I’m always struck by that question, ‘Are you a dreamer or a thinker?’ because it presupposes you can’t be both. I give you one example of why this isn’t true:
Lionel Richie, the silver-tongued musical god of such classics as ‘All Night Long’, was an accountant before he hit the easy listening big time. Irrefutable evidence that no individual is so binary that they must either have their head in the clouds, or their nose in a spreadsheet – yes, even accountants know how to let the music play on…
Increasingly, businesses are unlocking value by turning this misconception on its head and exploring the ways in which creativity across their organisations can drive commercial outcomes.
A new(ish) book called Business is Beautiful seeks to define “the hard art of standing apart” – it argues, amongst other things, that business is people and whilst “achievement can be easily measured through profit… value is a much bigger concept”.
Ultimately, if business metrics have been fixated on the science of success, “do intangible virtues such as creativity, passion, commitment or imagination play any quantifiable role in value creation?”
The authors’ use of ‘hard art’ is a deliberate confrontation of that most pernicious of myths – that business and pleasure, just like science and art, don’t mix.
Andy Warhol knew a fair amount about mixing it up – often exploiting the notion of brand identity through his art, and asking the viewer to decide where his involvement as an artist began and ended.
He had a marvellous line about business – ‘Being good in business is the most fascinating kind of art; making money is art, and working is art, and good business is the best art’ – and you could say he was quite ahead of his time in terms of positioning a debate which rages across companies the world over today – how can we create good business?
Like Andy Warhol, should we make artists of our business leaders?
So what would you create, if your business gave you a blank canvas? The authors of Business is Beautiful have identified five hallmarks they believe provide a framework for beautiful businesses – integrity, curiosity, elegance, craft and prosperity.
Notably, all words we would typically use to describe people, not entities, but a telling pointer to those ‘immeasurables’ – the things which count but cannot be counted – which time and again are helping businesses of all shapes and sizes thrive and survive.
The book contains a lot of rich detail, and some wonderful case studies, but a few things really stood out for me which stretched my thinking.
…challenge is good. There is value in dissent, and it should be acknowledged and welcomed in the workplace. When a company is fixated on consensus, it will often only achieve the lowest common denominator.
Whilst an entire workforce of critics isn’t the goal, identifying the ‘wild ducks’ who will stretch and challenge the leadership more often than not leads to productive, creative outcomes.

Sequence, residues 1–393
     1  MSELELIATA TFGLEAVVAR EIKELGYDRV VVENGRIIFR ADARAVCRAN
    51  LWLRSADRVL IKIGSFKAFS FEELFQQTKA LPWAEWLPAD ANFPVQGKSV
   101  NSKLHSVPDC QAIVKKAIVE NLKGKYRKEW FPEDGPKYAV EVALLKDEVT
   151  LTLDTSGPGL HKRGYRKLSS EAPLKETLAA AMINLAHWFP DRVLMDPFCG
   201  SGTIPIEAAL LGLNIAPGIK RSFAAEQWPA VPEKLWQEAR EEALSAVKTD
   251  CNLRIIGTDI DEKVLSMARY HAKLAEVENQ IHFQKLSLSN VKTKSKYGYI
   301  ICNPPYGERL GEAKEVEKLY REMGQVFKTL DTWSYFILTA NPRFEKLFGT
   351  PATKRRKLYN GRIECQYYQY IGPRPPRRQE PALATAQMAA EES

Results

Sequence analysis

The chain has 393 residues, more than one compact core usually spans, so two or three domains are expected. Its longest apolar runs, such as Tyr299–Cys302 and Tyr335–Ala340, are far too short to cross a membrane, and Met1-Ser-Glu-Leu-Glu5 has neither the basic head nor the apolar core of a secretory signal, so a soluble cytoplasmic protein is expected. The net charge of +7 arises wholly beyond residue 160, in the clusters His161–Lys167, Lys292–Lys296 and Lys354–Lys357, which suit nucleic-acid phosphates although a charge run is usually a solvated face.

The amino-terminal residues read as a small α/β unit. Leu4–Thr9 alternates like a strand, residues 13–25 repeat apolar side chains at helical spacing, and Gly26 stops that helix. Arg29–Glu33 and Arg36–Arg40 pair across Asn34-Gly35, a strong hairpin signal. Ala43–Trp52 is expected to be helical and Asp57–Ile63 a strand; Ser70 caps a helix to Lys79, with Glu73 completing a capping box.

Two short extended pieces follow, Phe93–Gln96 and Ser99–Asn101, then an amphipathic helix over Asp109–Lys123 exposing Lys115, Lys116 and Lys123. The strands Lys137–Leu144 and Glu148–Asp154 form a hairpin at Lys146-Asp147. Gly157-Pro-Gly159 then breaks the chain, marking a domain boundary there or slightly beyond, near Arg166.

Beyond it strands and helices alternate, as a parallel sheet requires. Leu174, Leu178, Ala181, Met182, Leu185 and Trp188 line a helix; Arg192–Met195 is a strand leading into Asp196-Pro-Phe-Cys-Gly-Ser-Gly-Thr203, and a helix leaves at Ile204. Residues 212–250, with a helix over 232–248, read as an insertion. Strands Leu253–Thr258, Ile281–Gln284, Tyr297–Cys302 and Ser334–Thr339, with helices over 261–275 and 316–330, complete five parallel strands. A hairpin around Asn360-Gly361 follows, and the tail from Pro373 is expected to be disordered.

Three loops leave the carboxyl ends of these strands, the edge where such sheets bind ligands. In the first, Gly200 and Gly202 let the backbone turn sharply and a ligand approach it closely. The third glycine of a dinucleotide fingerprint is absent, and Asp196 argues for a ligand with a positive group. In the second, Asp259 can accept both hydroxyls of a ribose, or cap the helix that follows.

…there are different kinds of imagination, and you should use them all. Businesses need people with systematic imagination (the evolution of thought and design with a clear connection to the previous idea), as much as they need those with creative imagination (the wild leaps into the realms of the unknown).
Apple needs the drip-feed remodelling of its products as much as it needed the early and game-changing leap into the very notion of personal computers.
…stories reveal truths that information alone cannot expose. Perhaps this is one of the more obvious creative assets we have at our disposal, but it is often confused for the dark arts that “shady marketing men in shiny suits” use – the trade in bullshit – as the authors so succinctly put it.
True storytelling hits the head, the heart and the stomach, and connects a business to its audience through its history, its present and its future. Business is Beautiful passes on a great legendary anecdote about the founder of Wal-Mart, Sam Walton, who was arrested in Brazil for crawling around a supermarket on his hands and knees in order to measure the width of their aisles. What a simple and powerful way of demonstrating unwavering passion and insatiable curiosity.
After I finished the book, I heard a timely and lovely story from James Burke, most famously known for his role as a broadcaster at the time of the moon landings, and as a presenter of Tomorrow’s World. As a Middle English scholar by trade, he didn’t believe he had the right credentials to front science programmes, but the BBC was putting people with arts degrees into the technical teams, and the scientists into the arts division, and it “all worked marvellously”.
What James understood was that disruption can release the most wonderful amount of creativity, and through this the BBC found a way of telling stories which speak to us all, not just the experts.
It’s a great example of the potential for creativity in all of us. So if you had a blank canvas, what would you create?
Like Lionel Richie didn’t quite sing, I believe we can make beautiful business all night long…
My piece first ran on virgin.com